The Conning Tower of the USS Parche
During your explorations of Pearl Harbor, you find tributes to some of the iconic ships of the December 7, 1941 Japanese attack and World War II. There’s an anchor from the USS Arizona located just beyond the ticketing booth. Closer to the Pearl Harbor Visitor Center museums “Road to War" and “Attack,” is one of the Arizona's bells. On the opposite end, just beyond the Bowfin submarine, you’ll see a conning tower.
This particular conning tower—which is a watertight compartment in the sail of a submarine—was pulled from the USS Parche (SS-384), a vessel that served in the US Navy’s ranks for three years. Before being sold for scrap in 1970, Parche’s conning tower was removed and added to the collection of displays of the USS Bowfin Submarine and Park.
Named for a butterfly fish, Parche hadn't yet been launched at the time of the Pearl Harbor attack, but the presence of her conning tower is an important part of the Pearl Harbor Historic Sites and the history of the war in the Pacific. As with Bowfin, Parche took part in the deadly campaign against the Japanese that began the day Japan surprised Pearl Harbor with bombs, torpedoes, and machine gun fire.
On Nov. 20, 1943, Parche was commissioned into the United States Navy and was transported from Portsmouth Navy Yard in Maine to Pearl Harbor. Four months later, she set out on her first patrol alongside Tinosa (SS-283) and Bang (SS-385). From Pearl Harbor, they sailed to Midway Island before reaching their destination just south of Taiwan. It was in these waters that Parche saw her first combat, sinking a Japanese ship that was part of a large convoy.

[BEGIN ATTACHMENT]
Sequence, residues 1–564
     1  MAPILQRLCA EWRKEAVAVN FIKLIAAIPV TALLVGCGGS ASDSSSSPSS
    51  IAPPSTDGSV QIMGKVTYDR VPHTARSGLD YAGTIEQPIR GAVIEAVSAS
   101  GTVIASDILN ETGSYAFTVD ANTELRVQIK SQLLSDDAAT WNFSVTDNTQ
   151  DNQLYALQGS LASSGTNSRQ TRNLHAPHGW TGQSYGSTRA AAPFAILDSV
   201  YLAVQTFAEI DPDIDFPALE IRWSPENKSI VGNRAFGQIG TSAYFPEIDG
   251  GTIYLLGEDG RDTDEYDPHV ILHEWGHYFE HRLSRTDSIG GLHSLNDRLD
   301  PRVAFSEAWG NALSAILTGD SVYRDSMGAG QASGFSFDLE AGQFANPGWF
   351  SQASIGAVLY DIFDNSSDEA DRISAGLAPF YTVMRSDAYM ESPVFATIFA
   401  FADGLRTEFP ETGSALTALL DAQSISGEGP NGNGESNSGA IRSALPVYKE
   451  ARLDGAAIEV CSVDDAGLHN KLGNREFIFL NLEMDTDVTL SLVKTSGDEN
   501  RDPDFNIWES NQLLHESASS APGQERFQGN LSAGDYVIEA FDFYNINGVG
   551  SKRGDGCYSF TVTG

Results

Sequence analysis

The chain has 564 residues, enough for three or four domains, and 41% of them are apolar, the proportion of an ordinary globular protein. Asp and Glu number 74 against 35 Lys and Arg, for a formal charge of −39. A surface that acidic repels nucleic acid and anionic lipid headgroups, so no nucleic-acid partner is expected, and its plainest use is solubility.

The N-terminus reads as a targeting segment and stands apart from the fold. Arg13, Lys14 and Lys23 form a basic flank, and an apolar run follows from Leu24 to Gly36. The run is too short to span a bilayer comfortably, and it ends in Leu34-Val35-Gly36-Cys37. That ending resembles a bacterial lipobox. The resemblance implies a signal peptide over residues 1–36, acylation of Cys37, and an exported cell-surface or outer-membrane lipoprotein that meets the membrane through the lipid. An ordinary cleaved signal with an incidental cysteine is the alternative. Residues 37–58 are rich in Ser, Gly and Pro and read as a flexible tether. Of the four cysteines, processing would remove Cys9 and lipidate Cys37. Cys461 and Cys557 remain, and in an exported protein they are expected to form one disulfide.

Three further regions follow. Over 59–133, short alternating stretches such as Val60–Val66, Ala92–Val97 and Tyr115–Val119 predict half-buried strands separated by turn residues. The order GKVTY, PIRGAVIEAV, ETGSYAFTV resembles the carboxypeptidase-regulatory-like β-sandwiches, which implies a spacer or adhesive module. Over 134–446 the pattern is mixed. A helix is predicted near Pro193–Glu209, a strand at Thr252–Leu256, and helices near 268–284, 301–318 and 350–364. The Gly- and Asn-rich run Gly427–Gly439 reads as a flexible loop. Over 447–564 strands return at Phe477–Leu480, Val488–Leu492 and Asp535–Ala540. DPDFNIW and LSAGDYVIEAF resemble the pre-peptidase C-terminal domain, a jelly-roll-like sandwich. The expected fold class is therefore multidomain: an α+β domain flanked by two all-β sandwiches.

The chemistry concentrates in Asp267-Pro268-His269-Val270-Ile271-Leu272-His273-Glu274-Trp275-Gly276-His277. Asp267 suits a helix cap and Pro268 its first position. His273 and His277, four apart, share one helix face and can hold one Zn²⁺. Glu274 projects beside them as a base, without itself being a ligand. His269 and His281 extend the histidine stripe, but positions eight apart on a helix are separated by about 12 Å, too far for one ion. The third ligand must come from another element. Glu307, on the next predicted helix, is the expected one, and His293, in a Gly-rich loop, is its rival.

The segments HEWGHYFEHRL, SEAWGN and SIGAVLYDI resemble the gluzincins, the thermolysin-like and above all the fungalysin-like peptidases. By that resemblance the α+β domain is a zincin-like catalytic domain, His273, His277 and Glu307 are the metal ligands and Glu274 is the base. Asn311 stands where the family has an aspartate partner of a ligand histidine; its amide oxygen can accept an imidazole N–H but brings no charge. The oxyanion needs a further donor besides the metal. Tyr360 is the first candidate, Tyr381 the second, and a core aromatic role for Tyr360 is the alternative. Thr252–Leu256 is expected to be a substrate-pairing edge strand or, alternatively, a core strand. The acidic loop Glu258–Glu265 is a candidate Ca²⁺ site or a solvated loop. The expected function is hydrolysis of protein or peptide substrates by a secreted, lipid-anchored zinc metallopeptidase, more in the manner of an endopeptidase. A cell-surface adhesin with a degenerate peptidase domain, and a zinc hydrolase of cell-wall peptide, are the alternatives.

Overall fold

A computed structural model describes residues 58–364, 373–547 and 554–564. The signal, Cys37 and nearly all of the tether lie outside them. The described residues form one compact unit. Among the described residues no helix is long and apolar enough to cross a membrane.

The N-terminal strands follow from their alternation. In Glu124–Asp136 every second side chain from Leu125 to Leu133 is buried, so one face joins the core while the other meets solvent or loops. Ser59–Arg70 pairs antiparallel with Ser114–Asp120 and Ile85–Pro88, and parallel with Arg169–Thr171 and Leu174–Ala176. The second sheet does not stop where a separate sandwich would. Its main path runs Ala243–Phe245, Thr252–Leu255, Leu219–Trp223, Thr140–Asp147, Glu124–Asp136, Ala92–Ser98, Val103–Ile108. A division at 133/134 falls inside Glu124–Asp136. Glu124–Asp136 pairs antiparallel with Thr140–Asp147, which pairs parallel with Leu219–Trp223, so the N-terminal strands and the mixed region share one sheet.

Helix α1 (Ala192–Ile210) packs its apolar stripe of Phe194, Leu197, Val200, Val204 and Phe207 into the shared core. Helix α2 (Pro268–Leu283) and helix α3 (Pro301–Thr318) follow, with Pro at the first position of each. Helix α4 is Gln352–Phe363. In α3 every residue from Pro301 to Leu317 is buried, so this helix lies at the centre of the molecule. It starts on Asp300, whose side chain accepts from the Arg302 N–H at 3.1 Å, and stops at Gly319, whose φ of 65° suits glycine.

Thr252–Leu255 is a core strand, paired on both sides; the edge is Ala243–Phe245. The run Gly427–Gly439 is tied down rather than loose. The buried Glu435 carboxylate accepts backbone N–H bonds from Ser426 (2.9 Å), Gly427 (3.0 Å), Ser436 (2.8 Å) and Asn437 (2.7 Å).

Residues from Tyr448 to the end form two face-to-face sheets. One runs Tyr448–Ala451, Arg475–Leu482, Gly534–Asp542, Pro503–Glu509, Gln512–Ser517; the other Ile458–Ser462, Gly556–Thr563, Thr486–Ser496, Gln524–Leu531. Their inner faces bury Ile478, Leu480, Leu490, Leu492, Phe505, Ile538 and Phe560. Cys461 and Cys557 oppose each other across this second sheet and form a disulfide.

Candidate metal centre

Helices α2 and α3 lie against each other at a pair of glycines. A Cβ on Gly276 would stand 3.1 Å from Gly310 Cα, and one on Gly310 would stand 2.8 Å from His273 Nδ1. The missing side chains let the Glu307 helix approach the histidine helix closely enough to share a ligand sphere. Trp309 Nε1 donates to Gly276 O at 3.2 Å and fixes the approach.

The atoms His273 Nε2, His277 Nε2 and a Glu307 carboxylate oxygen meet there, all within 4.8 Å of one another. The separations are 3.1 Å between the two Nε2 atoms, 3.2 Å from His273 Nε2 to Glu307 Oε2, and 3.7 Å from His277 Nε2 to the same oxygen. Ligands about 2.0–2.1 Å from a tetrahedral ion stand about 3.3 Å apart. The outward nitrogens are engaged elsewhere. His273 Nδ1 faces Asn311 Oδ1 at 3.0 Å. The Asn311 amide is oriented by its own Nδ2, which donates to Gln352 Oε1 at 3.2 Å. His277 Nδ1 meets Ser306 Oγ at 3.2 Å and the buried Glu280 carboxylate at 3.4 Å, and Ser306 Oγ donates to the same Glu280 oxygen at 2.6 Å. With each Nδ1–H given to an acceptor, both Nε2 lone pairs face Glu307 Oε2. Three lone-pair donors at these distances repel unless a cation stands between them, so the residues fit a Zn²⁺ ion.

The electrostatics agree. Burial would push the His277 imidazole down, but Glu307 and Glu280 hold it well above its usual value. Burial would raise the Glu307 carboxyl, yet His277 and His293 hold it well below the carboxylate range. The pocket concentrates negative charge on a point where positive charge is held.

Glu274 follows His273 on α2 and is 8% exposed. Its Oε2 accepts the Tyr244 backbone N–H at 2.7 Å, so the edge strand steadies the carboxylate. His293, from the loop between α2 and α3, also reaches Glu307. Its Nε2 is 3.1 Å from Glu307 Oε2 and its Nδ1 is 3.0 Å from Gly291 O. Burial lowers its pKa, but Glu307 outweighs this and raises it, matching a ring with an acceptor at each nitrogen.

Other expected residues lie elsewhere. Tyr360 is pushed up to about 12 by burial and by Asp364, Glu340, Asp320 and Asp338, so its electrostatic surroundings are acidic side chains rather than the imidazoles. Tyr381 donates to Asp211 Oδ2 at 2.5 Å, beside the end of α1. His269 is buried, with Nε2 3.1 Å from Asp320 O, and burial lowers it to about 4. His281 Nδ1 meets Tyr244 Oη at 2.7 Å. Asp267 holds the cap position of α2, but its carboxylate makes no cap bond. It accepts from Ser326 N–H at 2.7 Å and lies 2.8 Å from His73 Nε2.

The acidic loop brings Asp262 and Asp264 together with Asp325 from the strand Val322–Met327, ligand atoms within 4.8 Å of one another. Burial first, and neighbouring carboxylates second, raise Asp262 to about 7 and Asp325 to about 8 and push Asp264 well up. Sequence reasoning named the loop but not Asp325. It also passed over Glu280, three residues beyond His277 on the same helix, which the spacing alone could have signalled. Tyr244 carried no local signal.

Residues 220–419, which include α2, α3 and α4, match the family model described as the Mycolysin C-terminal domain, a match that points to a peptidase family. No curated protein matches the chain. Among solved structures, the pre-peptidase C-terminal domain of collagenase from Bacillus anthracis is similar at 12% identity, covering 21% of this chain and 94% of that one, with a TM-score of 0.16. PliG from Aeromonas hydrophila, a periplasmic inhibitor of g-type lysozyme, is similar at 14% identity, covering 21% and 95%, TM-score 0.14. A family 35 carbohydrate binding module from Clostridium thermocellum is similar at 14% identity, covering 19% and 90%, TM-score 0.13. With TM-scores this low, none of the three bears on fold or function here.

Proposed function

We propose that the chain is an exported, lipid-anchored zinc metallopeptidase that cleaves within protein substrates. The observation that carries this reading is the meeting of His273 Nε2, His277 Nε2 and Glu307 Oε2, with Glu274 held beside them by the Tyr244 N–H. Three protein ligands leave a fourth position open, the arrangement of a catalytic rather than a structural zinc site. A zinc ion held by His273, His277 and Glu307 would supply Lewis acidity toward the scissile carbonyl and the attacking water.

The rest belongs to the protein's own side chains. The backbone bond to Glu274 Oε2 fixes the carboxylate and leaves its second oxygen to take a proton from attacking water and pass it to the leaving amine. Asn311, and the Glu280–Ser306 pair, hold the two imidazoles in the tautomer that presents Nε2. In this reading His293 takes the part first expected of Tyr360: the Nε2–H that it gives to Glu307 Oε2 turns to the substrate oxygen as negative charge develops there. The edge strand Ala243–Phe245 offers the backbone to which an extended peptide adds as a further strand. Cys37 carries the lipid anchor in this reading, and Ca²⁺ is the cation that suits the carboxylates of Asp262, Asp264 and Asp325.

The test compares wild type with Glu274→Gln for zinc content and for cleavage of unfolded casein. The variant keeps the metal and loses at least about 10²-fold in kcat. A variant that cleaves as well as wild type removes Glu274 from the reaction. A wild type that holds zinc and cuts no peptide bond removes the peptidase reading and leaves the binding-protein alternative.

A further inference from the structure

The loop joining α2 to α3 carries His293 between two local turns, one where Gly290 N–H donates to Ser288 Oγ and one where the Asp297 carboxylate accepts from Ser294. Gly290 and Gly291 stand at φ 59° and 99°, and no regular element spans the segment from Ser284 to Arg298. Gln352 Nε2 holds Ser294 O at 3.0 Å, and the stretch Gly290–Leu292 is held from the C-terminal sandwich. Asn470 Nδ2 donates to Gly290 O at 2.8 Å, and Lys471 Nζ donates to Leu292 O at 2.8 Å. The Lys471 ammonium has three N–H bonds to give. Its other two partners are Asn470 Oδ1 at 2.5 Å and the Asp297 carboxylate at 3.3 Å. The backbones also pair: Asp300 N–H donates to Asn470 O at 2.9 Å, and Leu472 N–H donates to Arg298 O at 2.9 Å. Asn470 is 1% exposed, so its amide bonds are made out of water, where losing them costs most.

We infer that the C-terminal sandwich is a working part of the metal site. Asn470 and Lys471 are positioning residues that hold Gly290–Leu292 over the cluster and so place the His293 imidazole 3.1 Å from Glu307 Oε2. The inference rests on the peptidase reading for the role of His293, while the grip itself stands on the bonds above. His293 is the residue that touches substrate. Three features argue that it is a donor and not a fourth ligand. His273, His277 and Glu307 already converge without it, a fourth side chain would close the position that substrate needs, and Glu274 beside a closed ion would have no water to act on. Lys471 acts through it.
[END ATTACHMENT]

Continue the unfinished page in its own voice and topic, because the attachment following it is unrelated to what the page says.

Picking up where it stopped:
Her first and second patrols were met with heavy resistance, especially in July of 1944, when she assisted Steelhead (SS-280) in sinking the Manko Maru cargo ship and the Koei Maru tanker. During this skirmish, she was almost rammed by an enemy vessel, but outmaneuvered the ship and went on to collaborate with Steelhead in sinking the Yoshino Maru transport and damage another tanker and cargo ship.
After exciting first and second patrols, Parche returned to Pearl Harbor briefly, then set out on her third, fourth, and fifth patrols. During these, she earned another 800 tons after sinking a small freighter, then a smaller ship and fishing trawler. On May 25, 1945, Parche began her sixth and final patrol. She completed this patrol with an additional round of sunken ships added to her tally.
When the war ended, she was converted to a target ship for atomic testing at Bikini Atoll. She was eventually stricken from the Naval Vessel Register in 1969 and sold for scrap in 1970. For her service, Parche became one of the most nightly decorated submarines of the Pacific Theater, earning five battle stars and two Presidential Unit Citations.
Her conning tower was salvaged and put on display at the USS Bowfin Submarine Museum and Park, and her bridge structure, shears, and upper gun were also removed prior to scrapping. These pieces are now located at the Naval Submarine Base at Pearl Harbor.